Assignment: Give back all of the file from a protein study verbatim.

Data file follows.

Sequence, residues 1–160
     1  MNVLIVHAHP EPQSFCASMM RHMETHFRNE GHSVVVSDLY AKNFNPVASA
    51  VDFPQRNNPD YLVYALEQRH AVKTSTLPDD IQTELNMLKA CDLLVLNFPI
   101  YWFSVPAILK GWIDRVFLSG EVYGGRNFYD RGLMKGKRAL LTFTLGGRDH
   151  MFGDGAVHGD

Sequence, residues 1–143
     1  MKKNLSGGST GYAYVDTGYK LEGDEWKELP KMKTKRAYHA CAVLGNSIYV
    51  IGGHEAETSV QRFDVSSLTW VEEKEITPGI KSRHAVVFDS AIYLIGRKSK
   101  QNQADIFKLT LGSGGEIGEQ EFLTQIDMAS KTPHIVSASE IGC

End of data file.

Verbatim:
Sequence, residues 1–160
     1  MNVLIVHAHP EPQSFCASMM RHMETHFRNE GHSVVVSDLY AKNFNPVASA
    51  VDFPQRNNPD YLVYALEQRH AVKTSTLPDD IQTELNMLKA CDLLVLNFPI
   101  YWFSVPAILK GWIDRVFLSG EVYGGRNFYD RGLMKGKRAL LTFTLGGRDH
   151  MFGDGAVHGD

Sequence, residues 1–143
     1  MKKNLSGGST GYAYVDTGYK LEGDEWKELP KMKTKRAYHA CAVLGNSIYV
    51  IGGHEAETSV QRFDVSSLTW VEEKEITPGI KSRHAVVFDS AIYLIGRKSK
   101  QNQADIFKLT LGSGGEIGEQ EFLTQIDMAS KTPHIVSASE IGC